I really enjoyed “Blind Ambition,” the new CD from comedian Darryl Lenox, and my favorite thing about it is the fact that it has a beginning, a middle, and an end. It’s a well-constructed and finely thought-out hour that tells one cohesive story instead of presenting us with a random assortment of unrelated jokes (not that there’s anything wrong with that). Lenox’s set has a true sense of narrative and his is the perfect voice to tell the tale (coming from a radio background I’m a big fan of people with great speaking voices and Lenox definitely falls into that category).
The album doesn’t explode out of the starting gate with one huge belly laugh after another. Instead, Lenox takes his time, setting the tone and the mood by giving us a bit of backstory on how a Canadian bar fight affected the rest of his life (and his vision). There are a lot of smiles and chuckles along the way but no huge guffaws and that’s OK. Lenox lets you warm up to him and his sense of humor and as you get to know him, you learn to appreciate his patient approach and soon the laughs begin to spill in. Slow at first, and then building up bigger and bigger as we go. In a world of Michael Bay-style stand-up comics who rely on explosions and CGI, it’s nice to find a Woody Allen who is more concerned with composition and character.
Lenox is an American living in Canada who doesn’t hide his preference for all things Canuck. He thinks the women are better (they don’t seem to have been influenced by the Real Housewives) and it’s obvious Canadians have a great healthcare plan as evidenced by their arrogant jaywalking. That’s not to say Canada doesn't have its quirks, though. He was once kicked out of the country for a year (Travel Tip: Don’t lie to the Border Agents) and a seemingly innocent bowl of porridge resulted in the most violent Canadian experience he’d ever been a part of.
The title of the CD refers to Lenox’s long-time battle with his vision and having to face the very real possibility that he would lose his vision not just in one eye (thanks to the aforementioned pub brawl) but in both. It’s a predicament many of us have pondered, but probably not as seriously as Lenox had to. Could he really, actually, go through the rest of his life with no vision? The dramatic part of him had vowed to kill himself if the medical procedure he had to undergo wasn’t successful. The comedian in him could only foresee the hilariously futile results of a blind person trying to commit suicide in a number of different scenarios. The mental picture he paints of his wife, eating M&M’s off of the floor that he mistook for life-ending pills, is original and clever.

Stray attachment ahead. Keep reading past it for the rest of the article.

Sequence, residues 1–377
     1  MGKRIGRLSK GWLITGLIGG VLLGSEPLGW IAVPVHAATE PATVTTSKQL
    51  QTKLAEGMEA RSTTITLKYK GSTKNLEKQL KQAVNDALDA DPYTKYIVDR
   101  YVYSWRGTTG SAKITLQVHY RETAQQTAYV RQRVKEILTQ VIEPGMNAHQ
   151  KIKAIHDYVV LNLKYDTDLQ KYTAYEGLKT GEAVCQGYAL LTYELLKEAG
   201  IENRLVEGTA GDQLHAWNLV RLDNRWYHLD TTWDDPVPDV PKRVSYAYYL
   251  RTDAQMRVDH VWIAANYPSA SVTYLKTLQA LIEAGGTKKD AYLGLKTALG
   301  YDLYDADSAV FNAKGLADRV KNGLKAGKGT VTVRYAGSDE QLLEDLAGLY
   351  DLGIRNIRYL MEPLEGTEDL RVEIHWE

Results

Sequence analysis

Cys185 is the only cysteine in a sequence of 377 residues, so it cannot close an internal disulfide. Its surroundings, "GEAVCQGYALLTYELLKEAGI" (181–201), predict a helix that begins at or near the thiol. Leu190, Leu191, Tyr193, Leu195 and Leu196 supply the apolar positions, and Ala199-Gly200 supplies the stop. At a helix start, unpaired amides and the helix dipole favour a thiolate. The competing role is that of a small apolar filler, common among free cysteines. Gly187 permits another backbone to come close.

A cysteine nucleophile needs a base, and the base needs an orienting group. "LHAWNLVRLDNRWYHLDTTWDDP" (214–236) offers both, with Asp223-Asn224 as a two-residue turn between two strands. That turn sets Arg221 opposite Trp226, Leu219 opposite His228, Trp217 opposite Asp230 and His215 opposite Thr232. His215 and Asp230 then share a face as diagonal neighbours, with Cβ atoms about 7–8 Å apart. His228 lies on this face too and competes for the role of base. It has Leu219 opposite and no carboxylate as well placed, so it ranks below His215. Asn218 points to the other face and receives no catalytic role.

Other bits on the project that are memorable include George W. Bush’s drunken YouTube address to America that is probably more honest than is recommended and the widely-understood but rarely-talked about rule that men should never, ever eat the last one of anything in the house. The longest track is nearly 12-1/2 minutes long and its main thrust is the old “men and women are different” gag. Although the topic itself has become a bit of a comedian stereotype, Lenox does quite well at maintaining a fresh perspective and avoids any common potholes that are generally present in such an oft-traveled road.
All of the main points Lenox has touched upon are brought back and wrapped up in the final chapter in a surprisingly genuine way that most comedians tend to shy away from. For the most part, if a comic dares to be sentimental or uplifting, they feel the need to burst the bubble for the sake of a laugh. Lenox does no such thing. Instead of leaving us with a huge bringing-down-the-house punchline, Lenox leaves us with inspiration, and I liked the change-up. It brought a nice sincerity to the evening and the ending felt just like what it was: an ending to a well-told story. A story with a lot of genuine heartbreak and laughs and a story I left feeling fortunate to have heard.